Police and accident reconstruction specialists are hard at work investigating a chain-reaction auto accident that happened about 60 miles north of Milwaukee in Dodge County. Their findings will likely be very important to the recovery of the victims, as well as to prosecutors who may choose to file charges against the at-fault driver.
Reports are that one person was killed in the crash. The five-car, chain-reaction car accident also injured six others. Preliminary investigative accounts suggest that several vehicles traveling eastbound were stopped in rush hour traffic when a pickup truck allegedly failed to stop. Hitting the rear end of a stopped vehicle, the truck’s impact caused the vehicle to hit the next in line. In total, there were 12 people and five vehicles involved. The injured were taken to two local hospitals for treatment. Their conditions are not reported at this time. The sheriff confirmed the investigation is ongoing.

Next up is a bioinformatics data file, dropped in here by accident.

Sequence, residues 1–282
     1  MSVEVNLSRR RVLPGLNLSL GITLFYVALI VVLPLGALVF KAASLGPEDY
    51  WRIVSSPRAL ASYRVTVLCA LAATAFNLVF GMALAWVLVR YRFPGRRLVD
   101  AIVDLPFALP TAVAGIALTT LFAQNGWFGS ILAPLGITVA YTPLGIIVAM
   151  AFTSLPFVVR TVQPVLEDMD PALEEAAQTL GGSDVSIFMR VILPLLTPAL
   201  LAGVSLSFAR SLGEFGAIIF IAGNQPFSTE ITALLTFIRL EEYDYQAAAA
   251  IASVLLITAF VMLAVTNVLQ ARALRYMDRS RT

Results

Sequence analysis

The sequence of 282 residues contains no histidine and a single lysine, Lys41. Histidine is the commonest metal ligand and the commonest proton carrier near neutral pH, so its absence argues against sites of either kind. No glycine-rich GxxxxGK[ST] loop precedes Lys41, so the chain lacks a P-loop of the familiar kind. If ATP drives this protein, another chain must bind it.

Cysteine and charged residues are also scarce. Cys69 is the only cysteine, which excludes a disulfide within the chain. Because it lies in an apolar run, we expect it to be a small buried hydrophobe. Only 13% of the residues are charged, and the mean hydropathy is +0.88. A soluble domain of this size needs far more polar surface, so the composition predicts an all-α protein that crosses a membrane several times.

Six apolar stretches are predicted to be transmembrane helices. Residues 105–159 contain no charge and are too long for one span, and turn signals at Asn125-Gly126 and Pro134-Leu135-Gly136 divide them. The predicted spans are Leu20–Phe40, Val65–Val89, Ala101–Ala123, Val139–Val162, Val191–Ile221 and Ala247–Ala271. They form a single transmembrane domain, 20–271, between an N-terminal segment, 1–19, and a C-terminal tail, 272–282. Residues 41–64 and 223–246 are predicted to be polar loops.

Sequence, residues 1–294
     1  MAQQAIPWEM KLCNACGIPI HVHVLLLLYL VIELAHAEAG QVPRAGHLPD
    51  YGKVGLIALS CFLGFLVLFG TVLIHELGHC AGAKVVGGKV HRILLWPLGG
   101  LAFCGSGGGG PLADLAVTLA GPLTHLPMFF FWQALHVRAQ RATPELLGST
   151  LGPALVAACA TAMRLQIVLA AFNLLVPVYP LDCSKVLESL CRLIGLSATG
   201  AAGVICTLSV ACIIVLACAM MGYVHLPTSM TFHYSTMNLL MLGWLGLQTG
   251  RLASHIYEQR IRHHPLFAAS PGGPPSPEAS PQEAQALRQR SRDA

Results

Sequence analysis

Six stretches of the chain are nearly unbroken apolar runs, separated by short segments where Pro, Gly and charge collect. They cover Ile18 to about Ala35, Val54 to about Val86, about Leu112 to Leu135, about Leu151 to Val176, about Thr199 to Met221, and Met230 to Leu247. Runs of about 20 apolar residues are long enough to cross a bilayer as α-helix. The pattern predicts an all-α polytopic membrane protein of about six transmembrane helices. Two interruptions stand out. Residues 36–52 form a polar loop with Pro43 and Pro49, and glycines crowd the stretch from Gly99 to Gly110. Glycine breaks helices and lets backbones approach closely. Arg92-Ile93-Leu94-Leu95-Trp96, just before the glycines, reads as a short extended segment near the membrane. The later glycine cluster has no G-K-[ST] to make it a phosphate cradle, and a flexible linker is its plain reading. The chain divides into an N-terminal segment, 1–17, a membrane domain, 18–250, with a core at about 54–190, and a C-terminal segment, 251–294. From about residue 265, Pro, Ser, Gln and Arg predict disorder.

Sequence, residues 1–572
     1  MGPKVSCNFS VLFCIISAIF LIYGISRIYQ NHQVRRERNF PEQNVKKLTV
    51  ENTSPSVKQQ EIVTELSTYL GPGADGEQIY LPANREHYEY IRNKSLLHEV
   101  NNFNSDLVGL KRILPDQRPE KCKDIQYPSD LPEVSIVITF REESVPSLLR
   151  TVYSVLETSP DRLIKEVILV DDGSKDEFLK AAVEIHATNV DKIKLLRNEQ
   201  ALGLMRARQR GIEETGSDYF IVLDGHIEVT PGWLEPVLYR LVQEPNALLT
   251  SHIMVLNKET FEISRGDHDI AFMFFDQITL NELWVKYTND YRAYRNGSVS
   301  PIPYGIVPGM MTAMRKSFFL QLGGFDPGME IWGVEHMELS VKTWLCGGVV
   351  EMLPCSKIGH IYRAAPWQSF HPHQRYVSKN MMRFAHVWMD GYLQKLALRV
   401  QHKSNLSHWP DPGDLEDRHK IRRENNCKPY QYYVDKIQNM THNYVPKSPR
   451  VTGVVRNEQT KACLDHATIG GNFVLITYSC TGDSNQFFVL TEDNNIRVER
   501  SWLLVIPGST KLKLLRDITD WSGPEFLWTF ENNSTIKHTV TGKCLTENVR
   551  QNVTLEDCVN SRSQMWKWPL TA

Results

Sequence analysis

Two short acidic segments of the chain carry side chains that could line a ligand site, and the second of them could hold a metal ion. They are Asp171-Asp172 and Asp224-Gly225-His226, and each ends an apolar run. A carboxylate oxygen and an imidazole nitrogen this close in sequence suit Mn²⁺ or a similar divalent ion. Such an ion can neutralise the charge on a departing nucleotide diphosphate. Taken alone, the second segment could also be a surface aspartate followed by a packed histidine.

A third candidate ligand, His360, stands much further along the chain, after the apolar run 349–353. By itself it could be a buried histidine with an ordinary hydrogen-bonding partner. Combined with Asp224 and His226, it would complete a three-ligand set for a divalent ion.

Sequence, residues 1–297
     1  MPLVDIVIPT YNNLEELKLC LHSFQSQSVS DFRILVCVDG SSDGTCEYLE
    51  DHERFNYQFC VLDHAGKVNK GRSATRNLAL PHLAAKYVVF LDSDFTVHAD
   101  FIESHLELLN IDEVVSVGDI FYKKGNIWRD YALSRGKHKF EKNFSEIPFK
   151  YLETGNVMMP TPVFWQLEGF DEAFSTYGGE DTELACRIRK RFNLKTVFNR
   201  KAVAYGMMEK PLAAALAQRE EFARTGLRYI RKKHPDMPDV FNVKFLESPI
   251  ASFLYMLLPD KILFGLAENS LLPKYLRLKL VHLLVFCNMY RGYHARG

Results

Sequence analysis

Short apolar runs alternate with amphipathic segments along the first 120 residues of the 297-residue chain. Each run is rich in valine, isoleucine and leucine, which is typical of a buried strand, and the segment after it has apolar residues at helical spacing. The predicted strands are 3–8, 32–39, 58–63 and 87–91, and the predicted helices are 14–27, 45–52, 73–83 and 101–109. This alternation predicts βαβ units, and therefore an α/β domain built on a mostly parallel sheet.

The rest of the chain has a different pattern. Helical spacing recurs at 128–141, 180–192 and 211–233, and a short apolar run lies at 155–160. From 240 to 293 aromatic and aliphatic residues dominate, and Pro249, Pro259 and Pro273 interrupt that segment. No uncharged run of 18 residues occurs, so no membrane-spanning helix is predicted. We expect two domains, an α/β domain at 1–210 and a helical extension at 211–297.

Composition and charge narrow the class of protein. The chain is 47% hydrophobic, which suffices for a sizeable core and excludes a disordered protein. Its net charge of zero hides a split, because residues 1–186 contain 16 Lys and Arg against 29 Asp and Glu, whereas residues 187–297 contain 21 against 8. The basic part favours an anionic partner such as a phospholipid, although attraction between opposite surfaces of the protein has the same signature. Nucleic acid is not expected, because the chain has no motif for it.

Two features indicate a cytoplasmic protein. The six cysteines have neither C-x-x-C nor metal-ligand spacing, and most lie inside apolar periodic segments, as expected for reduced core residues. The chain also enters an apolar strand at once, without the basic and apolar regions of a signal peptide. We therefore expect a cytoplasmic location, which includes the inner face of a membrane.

Every accident has a degree of challenge when it comes to seeking compensation for damages. Even when there are no injuries, it’s possible that insurance companies will attempt to minimize payouts. It can be exceptionally challenging in cases such as the one reported here because it’s likely there will be several insurers involved – each with its own agenda. Regardless of how obvious the fault seems to be, sorting out the facts through the police reports and, if necessary, privately run investigation, is a necessary piece of the puzzle.
A personalized, detail-oriented approach can be helpful to victims facing medical bills, lost wages and other costs related to the accident. For the injured and those who have lost a loved one, emotional recovery is as important as future financial security. Strong negotiations with insurance companies can lead to fair settlements. If that doesn’t work, there are other legal remedies that can be considered to improve their chances of a full recovery.
Source: Wisconsin State Journal, “5-car chain-reaction crash in Dodge County kills 1, injures 6” Abigail Becker, Sep. 17, 2014